The Power of Thought - (Mind over matter)Grammar check: future
A: So, what (1) are you doing/do you do at the weekend?
B: Nothing much. How about you?
A: Well, Steve and I (2)
will probably have gone/will probably go to the Science Museum.
They've got this great new section on genetic engineering
which might be useful for the course I'm doing.
By the way, I've been meaning to ask you.
Are you still thinking of moving out of your flat?
B: Yes. I really do want a place of my own. I hope I (3) I'll be saving / I'll have saved enough by the end of the year, so I (4) 'll begin /'m beginning looking seriously then.
A: That sounds good. And when (5)
do you start/are you going to start
that course in computer science you keep talking about?
B: October. I can't wait!
Present Continuous e.g.
I'm playing tennis tomorrow evening.
We use the Present Continuous to talk about arrangements that have already been made.
- Present Continuous
- Present Simple
- going to
- Future Continuous
- Future Perfect
Exam focus (error correction - spelling and punctuation)
There are two types of error correction exercise. In the second type, errors of spelling and punctuation have to be identified. There are sixteen lines to be corrected and candidates should not expect more than five lines to be correct.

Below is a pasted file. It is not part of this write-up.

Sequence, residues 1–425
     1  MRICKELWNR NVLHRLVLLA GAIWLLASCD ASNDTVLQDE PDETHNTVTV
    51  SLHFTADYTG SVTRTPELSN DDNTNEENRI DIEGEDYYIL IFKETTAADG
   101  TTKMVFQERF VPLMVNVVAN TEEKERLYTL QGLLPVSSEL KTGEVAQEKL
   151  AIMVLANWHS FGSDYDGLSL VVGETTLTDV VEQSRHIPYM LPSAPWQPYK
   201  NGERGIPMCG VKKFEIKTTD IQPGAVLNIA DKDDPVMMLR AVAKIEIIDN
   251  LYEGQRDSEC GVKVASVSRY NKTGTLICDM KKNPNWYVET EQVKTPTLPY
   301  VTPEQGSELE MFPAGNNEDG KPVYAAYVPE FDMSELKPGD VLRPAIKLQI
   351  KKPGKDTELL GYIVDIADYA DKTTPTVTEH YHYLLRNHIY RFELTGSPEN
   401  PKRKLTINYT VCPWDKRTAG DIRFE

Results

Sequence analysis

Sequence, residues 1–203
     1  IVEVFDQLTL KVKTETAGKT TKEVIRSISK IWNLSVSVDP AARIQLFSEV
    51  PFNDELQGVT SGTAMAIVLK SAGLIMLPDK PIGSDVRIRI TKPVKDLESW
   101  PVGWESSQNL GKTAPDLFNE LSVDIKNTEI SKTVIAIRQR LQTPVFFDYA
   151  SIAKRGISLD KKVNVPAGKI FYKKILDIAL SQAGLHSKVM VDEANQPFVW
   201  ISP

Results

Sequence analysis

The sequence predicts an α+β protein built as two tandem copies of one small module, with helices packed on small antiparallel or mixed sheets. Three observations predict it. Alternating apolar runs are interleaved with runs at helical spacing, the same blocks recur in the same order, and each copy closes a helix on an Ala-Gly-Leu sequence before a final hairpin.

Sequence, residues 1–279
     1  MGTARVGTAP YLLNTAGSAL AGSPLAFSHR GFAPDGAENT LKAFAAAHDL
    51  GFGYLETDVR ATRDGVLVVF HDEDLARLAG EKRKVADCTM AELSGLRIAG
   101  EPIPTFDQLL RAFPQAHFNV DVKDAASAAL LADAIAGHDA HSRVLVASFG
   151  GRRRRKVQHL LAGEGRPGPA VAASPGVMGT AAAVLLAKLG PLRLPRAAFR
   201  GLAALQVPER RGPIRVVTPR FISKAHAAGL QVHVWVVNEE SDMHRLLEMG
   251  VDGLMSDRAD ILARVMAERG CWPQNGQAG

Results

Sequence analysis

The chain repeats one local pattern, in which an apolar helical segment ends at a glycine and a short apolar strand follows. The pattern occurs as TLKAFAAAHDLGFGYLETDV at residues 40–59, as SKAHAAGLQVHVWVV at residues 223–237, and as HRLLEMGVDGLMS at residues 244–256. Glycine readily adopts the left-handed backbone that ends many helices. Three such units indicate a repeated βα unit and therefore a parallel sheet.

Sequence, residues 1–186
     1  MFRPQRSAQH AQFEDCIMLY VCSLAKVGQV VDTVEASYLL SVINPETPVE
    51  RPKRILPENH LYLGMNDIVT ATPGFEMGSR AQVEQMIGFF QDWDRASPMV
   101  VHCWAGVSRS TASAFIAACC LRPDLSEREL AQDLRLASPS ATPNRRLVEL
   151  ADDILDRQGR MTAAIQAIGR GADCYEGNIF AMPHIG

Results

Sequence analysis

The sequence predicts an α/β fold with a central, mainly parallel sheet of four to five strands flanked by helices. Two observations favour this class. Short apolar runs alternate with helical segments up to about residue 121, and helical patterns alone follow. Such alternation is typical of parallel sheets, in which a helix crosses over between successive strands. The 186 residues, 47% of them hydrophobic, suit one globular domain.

- Read the text through to get the general idea.
- Read the text again. Read sentence by sentence to help you identify punctuation mistakes. Look at each word in turn to help you identify spelling mistakes. Cross out the mistakes as you find them and write the correction. If a line is correct tick (/) it.
- When you have finished, check that no more than five lines are correct.
In most lines of the following text, there is either a spelling or punctuation mistake. For each numbered line 1 ??” 16, find the errors and correct them. Some lines are correct. Indicate these with a tick (✓. The exercise begins with three examples (0), (00) and (000).
THE POWER OF THOUGHT
00 to communicate with the outside world through
000 electronic implants which were fused with his brain sells.
- A pear of implants have enabled the man to control a
- cursor on a computer screen just by thinking about moveing moving
- his body. By pointing the cursor at diferent different symbols he
- can make the computer say phrases such as, "I'm thirsty, "I'm thirsty,"
- or his favourite, "See you later. Nice talking to you."
- Researchers at Emory University hope the tecnology technology
- will eventually allow paralysed people to operate artificial
- limbs and New Scientist magazine notes that its the first
- time such a connection has been made directly in the
- brain rather than with nerves, in the spine or limbs. Each
- implant is a hollow glass cone and contains a tiny electrode
- 'The trick is teaching the patiente patient to control the strength and
- pattern of the electric impulses' being produced in the brain,'
- says dr Dr Bakay, the leader of the Emory team. 'After some
- trainning training they are able to "will" a cursor to move and
- then stop on a specific point on the computer screen.'